But a box office rebound notwithstanding, Wall Street analysts remain bearish on volatile AMC shares after it used its status as a meme stock thanks to rogue retail traders on Reddit and other social media hubs to raise fresh cash at a steep market premium to ensure survival and pay down debt and interest expenses.
“The cost of the company’s liquidity lifelines … carried a very high price and will serve as a major headwind for several years to come,” analyst Eric Handler of MKM Partners argued in a Nov. 4 research note about the recent debt and stock offerings underpinning AMC’s new capital structure and a stock standing at a steep premium to those of its industry rivals.
Despite an earnings beat, shares in the cinema giant were trading lower in after-market trading, down 92 cents, or around 2 percent, at $44.14, as investors continue to weigh whether a rebounding exhibition industry warrants a volatile AMC share price, or whether the company will lag its peer as the theatrical market enjoys a better-than-expected recovery in the face of streaming competition.
In response to those market jitters, CEO Aron on the conference call told investors: “However, even amidst such good news, we are not yet where we want and need to be. We wish to emphasize that no one should have any illusions that there is not more challenge ahead of us still to be met. The virus continues to be with us, we need to sell more tickets in future quarters than we did in the most recent quarter, and adjusted EBITDA is still well below pre–pandemic levels.”
To diversify away from movie exhibition, Aron also told analysts that AMC is exploring how to accept cryptocurrencies for online payment and even possibly launch its own cryptocurrency. And the cinema giant is exploring with major Hollywood studios how to use blockchain technology to turn commemorative movie theater tickets into NFTs, or non-fungible tokens.
Aron added AMC was considering launching its own branded credit card for consumers, and even getting into movie production. “We’ve made content before, and in this day of age, when so much content is being created, it’s interesting to consider whether AMC should fund content, and whether AMC should fund its own content that might only be seen at our own theaters. These are all possibilities,” he said during a conference call where AMC execs answered questions virtually entirely from retail shareholders, with only one taken from a Wall Street analyst.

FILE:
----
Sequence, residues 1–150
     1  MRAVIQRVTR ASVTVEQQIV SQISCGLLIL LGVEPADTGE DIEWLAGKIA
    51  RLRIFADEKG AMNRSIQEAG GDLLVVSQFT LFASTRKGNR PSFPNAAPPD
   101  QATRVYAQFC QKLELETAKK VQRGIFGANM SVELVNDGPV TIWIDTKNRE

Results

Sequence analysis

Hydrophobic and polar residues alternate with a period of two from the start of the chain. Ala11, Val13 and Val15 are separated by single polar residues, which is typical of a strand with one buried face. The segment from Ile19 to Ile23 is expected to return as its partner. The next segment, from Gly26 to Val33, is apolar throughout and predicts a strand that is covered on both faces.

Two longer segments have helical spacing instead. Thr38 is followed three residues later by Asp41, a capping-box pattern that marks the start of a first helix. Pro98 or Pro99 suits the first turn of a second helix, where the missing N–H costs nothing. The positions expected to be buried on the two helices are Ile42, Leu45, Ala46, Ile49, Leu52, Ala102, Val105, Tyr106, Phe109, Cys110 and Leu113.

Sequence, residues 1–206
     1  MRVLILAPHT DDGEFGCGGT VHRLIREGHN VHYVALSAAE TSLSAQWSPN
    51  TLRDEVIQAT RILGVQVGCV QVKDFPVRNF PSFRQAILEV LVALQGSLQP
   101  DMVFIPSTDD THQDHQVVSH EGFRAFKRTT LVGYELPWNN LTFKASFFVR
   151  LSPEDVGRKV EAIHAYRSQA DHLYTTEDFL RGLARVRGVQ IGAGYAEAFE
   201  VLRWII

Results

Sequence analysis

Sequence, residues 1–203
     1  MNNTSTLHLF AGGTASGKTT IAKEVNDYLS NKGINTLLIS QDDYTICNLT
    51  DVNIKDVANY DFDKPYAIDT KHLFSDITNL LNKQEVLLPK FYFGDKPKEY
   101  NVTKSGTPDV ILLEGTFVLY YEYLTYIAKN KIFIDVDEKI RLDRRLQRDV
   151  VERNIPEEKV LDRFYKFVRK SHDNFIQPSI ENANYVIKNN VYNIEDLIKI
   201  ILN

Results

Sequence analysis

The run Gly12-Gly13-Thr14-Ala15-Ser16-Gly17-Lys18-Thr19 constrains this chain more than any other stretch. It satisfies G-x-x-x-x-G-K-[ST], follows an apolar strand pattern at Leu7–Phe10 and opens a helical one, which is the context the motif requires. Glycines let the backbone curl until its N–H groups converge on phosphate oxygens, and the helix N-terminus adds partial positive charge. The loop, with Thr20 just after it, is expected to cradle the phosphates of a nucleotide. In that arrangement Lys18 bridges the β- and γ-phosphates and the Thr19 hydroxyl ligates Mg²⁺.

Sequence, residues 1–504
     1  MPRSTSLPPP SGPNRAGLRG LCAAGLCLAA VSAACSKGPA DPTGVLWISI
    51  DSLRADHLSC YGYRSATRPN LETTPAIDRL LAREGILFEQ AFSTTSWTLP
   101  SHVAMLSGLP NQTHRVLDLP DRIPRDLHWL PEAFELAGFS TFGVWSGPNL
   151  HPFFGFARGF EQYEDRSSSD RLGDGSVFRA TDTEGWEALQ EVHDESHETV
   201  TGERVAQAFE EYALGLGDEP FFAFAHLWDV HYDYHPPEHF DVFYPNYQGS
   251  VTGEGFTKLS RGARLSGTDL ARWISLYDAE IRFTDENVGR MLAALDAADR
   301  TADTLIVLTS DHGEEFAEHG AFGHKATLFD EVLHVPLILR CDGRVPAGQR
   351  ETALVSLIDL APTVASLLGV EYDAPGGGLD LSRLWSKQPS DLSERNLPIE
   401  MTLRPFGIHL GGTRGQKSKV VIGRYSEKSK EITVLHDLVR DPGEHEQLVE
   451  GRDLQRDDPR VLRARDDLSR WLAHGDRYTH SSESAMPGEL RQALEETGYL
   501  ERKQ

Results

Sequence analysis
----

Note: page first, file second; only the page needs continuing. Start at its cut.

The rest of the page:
The AMC boss was also asked about plans to pay down the exhibition giant’s enlarged debt burden to get through the pandemic. “Of all the things that have kept me up at night in the last two years, our debt load is not one of them,” he told investors, while adding AMC has no major debt maturities due before 2026, allowing time to rebuild the company’s balance sheet with debt refinancings.
And Aron touted a recent deal with Warner Bros. to return to an exclusive, 45-day theatrical window in 2022 as he discussed the major studios moving away from a reliance on day-and-date film releases during the pandemic. “I think you’ll see a revival of an exclusive theatrical window and that’s clearly to the benefit of AMC,” he argued.
AMC went into the market release of its third quarter financial results on Monday with its stock price having climbed 8 percent, or by $3.35, to end the day at $44.06.